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Aphthous Stomatitis (Mouth Ulcers) in the Elderly

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Mouth ulcers are a common condition which can arise suddenly and quickly disappear even without treatment. However, the condition may be more complicated in seniors who tend to suffer with this condition for longer periods. This condition is possibly aphthous stomatitis, a condition affect the inside of the mouth. Aphthous stomatitis is the most common type of non-traumatic ulcerative condition of the inner lining of the mouth. It is marked by single or multiple painful ulcers. These ulcers have a tendency to recur and in the elderly, it may persist and never heal fully.

Type and Sizes of Ulcers

The condition begins as single or multiple superficial erosions covered by a grayish membrane. Generally on an average 2 to 6 ulcers are present at each episode. An episode lasts for 7 and 14 days and in a year several episodes may be experienced. The lesions generally develop over the movable oral mucosa such as lip, cheek mucosa, tongue and soft palate.

The lesions below one centimeter are called as minor aphthous ulcers. These ulcers heal without scarring. The size of major aphthous ulcers could be from 1cm to 5cm – these ulcers heal slowly and leave scars. Before the lesion develops there is a burning and tingling sensation over the affected area. The affected areas become reddish in color with slight elevation. Eventually the lesion becomes well defined circular to oval in shape with a reddish border. The lesion then progresses in to painful ulcers.

The accompanying symptoms include fever and body pains.The lymph nodes in the head and neck region become enlarged. Due to painful ulcers, consumption of food may become difficult. Burning sensation on spicy food consumption is also experience.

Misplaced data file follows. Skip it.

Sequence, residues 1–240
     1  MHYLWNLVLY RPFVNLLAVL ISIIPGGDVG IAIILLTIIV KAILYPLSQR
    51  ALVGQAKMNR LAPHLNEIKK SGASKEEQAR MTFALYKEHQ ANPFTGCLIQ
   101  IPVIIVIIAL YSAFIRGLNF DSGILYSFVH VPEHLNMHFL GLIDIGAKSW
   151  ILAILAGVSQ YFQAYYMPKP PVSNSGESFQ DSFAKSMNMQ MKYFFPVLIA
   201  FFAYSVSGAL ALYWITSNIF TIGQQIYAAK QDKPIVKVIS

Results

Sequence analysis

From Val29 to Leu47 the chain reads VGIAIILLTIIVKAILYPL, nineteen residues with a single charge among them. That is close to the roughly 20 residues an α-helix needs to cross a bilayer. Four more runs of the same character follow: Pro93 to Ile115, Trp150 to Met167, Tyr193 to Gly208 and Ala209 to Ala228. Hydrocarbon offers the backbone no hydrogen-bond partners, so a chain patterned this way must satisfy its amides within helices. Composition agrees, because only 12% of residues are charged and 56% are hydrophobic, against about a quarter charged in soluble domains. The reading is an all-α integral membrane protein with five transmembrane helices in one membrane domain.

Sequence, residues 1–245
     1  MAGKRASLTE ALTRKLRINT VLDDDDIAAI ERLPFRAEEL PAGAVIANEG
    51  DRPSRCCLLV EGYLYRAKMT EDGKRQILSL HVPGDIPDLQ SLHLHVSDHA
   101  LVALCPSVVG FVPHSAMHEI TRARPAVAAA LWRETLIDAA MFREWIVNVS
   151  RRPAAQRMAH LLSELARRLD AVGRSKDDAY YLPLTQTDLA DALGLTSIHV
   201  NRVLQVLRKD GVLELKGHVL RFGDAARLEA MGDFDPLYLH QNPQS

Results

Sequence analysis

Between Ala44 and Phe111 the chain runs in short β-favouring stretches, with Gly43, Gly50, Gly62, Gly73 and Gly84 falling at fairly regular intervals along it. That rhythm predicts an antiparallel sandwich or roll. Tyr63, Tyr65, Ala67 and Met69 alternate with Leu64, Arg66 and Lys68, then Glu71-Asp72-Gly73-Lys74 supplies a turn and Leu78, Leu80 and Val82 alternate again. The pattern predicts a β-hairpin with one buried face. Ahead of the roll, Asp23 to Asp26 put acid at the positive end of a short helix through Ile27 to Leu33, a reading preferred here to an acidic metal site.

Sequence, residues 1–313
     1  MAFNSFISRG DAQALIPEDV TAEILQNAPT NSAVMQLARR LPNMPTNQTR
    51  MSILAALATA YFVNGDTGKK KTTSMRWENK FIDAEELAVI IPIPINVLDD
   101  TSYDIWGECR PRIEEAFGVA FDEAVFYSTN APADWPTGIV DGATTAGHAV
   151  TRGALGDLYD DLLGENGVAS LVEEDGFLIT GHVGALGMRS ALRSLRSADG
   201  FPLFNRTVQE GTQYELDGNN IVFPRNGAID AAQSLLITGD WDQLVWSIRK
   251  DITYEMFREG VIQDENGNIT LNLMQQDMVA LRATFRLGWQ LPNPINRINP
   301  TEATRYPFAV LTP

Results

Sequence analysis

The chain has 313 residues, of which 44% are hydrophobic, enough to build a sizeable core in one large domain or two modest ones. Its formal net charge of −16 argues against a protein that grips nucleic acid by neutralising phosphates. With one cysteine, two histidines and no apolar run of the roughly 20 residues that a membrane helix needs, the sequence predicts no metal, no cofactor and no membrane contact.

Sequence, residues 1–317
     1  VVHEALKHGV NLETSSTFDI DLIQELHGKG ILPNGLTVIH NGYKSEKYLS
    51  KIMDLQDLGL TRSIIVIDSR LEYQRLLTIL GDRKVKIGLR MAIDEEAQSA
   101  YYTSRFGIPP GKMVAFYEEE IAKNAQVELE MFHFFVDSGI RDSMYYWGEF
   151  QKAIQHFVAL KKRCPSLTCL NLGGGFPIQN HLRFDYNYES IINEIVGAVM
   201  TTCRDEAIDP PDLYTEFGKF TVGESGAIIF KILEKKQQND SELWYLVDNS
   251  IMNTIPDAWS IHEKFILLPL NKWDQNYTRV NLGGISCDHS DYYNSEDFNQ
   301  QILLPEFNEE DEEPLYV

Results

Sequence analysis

Causes of Mouth Ulcers

  • Apthous ulcers of bacterial origin are caused by alpha-hemolytic Streptococci.
  • Immunological abnormalities also contribute to the development of aphthous ulcers. The condition may occur due to some autoimmune reactions or immunosuppression.
  • Nutritional deficiencies lead to development of aphthous ulcers. Deficiency of iron, vitamin B12 and folic acid are associated with its development.
  • The dental causes of the condition are repeated trauma to the oral mucosa. Improper brushing, faulty restoration, poorly fitting dentures and jagged teeth can cause repeated injury to the mucosa, precipitating development of an ulcer.
  • Pregnancy, menopause and menstruation make an individual susceptible to development of aphthous ulcers. Hence hormonal involvement is also suspected as a cause of this condition.
  • Food allergies, asthma and hey fever are also associated with repeated development of aphthous ulcers.
  • Stress, anxiety and lack of sleep are the psychological factors initiating an attack of aphthous ulcer.

Treatment of Apthous Stomatitis

  • Topical protective emollient base (orabase) and topical tetracycline mouthwash are the treatments of choice for aphthous ulcers. It is effective in majority of the cases.
  • Topical corticosteroid preparations can be used in major and very painful ulcers.
  • The patient is advised to maintain oral hygiene and consume a nutritious diet. Spicy foods should also be avoided to reduce the burning sensation.
  • Antibiotics such as tetracycline and chloramphenicol can be prescribed in severe cases of apthous ulcers.
  • Injection of corticosteroids directly in to the lesion in combination with systemic administration of cortisone is advised in severe cases of aphthous ulcers.
  • In extremely large ulcers, surgical procedures may be considered.

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